Oct 20, 2014, 10:21 PM
The forum, sponsored by First Lady Madam Zainab Yahya Jammeh, was among others aimed at creating more awareness about the epidemic of HIV/AIDS.
The forum was also another opportunity for the stakeholders to share their experience and expertise on issues related to PMTCT and see possible ways of coming up with some recommendations that can be used or adopted in the best interest of all.
In the official opening ceremony of the forum held in Kanifing, the Regional Director of Health Services, Alagie Saine, described HIV/AIDS as one of the most far-reaching and damaging epidemics the world has seen over the years.
According to him, the epidemic has not only caused high mortality and morbidity among Gambians but continues to pose a great challenge on “our economy as a nation”.
He noted that the costs incurred on HIV/AIDS programmes are high and one of such is the prevention of mother to child transmission of HIV/AIDS.
The PMTCT programme, Mr Saine added, has been supported by Global Fund and the Gambia government through its line Ministry of Health and Social Welfare.
He stated further that in The Gambia, the PMTCT is barely 10 years old since its inception and there are strategic plans developed to scale up the implementation of the programme.
“As a nation, we must applaud our leader the President of the Republic for his valuable gift to every single household in The Gambia by declaring a free of charge maternity service for all Gambians and residents of The Gambia,” he stated.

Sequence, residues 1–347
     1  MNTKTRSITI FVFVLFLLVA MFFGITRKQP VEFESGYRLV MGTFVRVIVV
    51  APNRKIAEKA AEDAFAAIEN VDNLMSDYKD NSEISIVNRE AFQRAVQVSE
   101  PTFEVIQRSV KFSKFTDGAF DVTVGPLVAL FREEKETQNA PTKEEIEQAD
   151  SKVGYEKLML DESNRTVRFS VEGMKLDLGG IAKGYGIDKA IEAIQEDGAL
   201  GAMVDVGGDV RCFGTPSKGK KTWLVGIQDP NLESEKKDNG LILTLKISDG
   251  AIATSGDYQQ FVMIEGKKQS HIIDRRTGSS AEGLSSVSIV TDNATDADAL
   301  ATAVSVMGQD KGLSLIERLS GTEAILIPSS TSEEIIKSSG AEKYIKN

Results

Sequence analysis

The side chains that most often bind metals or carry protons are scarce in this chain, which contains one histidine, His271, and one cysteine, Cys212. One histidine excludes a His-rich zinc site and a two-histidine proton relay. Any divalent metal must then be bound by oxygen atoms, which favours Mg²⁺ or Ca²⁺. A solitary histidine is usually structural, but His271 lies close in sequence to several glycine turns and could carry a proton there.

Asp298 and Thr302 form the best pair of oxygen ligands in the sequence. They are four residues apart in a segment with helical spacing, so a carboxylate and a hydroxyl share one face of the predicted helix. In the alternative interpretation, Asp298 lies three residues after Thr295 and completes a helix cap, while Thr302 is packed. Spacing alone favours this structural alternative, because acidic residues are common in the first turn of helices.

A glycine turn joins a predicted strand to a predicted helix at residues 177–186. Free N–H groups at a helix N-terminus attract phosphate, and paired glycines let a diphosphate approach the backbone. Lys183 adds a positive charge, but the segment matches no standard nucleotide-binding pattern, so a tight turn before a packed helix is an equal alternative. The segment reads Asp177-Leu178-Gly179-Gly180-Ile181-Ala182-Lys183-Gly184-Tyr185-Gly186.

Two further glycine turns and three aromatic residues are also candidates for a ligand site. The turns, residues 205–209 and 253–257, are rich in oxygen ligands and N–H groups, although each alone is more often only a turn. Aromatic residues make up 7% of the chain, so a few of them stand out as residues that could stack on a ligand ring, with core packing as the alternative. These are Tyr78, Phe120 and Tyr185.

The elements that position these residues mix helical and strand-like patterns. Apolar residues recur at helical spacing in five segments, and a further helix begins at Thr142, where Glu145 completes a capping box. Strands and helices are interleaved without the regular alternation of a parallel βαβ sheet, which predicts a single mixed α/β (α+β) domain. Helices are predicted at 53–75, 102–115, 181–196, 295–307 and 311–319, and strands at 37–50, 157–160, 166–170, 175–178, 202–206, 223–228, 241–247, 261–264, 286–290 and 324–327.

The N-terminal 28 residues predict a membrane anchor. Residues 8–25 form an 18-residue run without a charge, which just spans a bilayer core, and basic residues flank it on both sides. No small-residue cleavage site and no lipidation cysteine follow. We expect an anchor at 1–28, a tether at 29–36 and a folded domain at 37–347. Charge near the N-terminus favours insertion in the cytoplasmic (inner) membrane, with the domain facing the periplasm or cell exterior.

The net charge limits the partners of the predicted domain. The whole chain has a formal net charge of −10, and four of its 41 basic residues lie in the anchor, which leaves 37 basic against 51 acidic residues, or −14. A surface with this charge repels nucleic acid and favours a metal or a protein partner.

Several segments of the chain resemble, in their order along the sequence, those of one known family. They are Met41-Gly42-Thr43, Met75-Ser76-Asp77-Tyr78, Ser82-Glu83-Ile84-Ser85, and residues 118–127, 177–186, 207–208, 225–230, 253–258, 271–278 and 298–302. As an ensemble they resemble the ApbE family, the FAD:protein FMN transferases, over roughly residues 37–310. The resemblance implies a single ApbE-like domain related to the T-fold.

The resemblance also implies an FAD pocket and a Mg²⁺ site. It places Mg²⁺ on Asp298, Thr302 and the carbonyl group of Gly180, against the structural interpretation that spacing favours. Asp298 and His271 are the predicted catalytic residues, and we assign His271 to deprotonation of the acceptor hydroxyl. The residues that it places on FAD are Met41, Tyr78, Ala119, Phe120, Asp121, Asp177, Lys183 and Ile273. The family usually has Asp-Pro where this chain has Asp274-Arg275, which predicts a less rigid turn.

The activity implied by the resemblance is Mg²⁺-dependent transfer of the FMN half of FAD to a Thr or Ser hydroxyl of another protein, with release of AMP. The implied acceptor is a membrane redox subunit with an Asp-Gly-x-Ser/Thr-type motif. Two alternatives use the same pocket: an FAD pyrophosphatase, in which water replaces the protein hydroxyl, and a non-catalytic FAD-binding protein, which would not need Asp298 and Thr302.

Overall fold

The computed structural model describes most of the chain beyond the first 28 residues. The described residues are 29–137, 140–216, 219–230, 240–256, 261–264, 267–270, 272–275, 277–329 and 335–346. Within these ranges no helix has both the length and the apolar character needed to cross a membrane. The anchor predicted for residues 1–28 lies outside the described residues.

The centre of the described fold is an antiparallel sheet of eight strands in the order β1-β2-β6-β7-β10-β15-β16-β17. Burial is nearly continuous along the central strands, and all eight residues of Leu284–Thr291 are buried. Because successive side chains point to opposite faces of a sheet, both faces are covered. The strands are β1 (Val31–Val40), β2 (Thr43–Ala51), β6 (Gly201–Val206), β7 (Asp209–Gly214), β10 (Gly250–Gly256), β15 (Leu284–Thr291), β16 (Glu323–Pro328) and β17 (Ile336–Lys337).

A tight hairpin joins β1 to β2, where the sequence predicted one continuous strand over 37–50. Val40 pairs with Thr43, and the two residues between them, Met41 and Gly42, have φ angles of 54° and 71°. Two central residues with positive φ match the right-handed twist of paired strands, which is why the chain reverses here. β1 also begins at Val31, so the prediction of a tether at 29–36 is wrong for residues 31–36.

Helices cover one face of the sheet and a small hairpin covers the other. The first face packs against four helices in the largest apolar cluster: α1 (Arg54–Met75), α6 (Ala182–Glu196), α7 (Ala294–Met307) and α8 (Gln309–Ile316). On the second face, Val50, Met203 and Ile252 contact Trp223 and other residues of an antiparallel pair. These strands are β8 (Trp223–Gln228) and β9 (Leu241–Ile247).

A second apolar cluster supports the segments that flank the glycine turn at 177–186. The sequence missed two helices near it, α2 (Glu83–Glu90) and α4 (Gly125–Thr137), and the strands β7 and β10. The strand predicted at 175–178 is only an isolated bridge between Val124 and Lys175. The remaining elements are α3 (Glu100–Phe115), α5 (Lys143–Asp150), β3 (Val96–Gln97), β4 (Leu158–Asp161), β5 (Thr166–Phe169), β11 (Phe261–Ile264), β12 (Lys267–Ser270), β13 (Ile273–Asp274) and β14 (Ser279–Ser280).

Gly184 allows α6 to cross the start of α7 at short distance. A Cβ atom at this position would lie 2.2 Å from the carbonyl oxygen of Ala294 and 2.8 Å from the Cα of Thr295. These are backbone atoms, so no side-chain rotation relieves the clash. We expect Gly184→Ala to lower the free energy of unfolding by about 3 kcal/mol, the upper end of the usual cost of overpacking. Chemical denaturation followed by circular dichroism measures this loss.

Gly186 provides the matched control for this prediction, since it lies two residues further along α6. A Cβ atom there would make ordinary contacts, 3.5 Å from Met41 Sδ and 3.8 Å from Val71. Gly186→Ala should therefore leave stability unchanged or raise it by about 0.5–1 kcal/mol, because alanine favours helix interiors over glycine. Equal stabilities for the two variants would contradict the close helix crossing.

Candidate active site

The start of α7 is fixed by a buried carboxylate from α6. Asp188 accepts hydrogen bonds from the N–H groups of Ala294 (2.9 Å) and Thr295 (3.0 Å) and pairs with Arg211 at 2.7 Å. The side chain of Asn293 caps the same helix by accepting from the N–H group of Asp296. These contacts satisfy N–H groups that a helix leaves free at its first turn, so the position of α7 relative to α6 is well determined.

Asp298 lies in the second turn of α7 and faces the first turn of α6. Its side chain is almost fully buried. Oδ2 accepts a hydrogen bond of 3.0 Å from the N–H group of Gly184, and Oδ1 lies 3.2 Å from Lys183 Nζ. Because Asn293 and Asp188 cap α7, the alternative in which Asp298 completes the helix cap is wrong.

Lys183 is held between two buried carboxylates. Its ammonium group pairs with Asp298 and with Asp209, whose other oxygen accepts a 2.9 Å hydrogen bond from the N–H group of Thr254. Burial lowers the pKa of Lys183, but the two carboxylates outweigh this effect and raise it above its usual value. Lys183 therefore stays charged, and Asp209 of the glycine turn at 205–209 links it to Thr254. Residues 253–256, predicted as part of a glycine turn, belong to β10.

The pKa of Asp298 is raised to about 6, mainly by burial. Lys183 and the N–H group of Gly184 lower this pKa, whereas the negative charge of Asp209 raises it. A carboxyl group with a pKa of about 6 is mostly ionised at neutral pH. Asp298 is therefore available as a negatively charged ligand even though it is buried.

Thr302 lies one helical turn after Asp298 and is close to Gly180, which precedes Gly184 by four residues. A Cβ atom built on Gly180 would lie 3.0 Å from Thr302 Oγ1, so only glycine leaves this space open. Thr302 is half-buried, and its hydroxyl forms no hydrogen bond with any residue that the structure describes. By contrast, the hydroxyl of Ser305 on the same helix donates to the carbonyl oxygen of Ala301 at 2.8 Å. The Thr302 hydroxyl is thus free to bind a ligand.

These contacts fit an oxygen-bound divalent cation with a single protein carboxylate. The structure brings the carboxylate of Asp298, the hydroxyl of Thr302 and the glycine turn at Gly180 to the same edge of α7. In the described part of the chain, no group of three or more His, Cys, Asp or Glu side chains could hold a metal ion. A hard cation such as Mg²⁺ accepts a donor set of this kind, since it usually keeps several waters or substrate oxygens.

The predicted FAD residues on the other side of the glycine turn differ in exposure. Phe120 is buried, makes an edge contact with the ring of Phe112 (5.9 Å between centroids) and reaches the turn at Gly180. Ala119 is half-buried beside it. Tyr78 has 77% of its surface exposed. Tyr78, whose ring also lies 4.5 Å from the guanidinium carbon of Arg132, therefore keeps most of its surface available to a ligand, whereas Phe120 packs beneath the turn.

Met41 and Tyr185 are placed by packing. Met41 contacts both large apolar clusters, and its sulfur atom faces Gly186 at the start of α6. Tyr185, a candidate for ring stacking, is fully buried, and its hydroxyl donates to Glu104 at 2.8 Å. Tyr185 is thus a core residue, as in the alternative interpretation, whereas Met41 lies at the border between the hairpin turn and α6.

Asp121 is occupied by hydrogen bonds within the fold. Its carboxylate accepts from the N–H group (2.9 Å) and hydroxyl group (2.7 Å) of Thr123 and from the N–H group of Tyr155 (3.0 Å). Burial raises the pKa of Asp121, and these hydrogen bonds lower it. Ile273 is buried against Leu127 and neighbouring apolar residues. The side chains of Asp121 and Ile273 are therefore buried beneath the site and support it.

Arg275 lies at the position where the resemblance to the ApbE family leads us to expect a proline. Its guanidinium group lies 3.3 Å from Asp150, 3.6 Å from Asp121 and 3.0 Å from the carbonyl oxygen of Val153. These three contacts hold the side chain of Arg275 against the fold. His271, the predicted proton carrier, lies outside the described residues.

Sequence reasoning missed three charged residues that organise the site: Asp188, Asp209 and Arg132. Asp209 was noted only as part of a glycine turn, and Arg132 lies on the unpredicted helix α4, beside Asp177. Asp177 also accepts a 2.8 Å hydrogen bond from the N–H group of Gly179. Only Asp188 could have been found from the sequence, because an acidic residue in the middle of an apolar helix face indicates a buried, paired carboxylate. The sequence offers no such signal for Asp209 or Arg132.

The purpose of the daylong sensitization meeting, he went on, was to determine the factors influencing male involvement and participation of PMTCT services to influence the utilization of the PMTCT services and curb the spread of HIV.
Mr Saine also noted that men’s involvement in PMTCT services should be the new focus for the programme as well as other reproductive health programmes because men are strong decision-makers on reproductive health issues.
Reports, he said, show that men are accustomed to making RH decision even without permission from their wives or partners.
“They decide when to have sex, how to have it, how many children to have and how many wives to marry. Men are household heads and impose authority over their partners,” he indicates.
He also said evidence has shown that approximately 75 per cent of antenatal clinic attendants would test for HIV whilst pregnant, adding that nationally, HIV prevalence is to be pegged at 1.2 per cent, and 50 per cent of Gambians live below the poverty line of less than US$2 a day, coupled with gender-based violence that are swept under the carpet.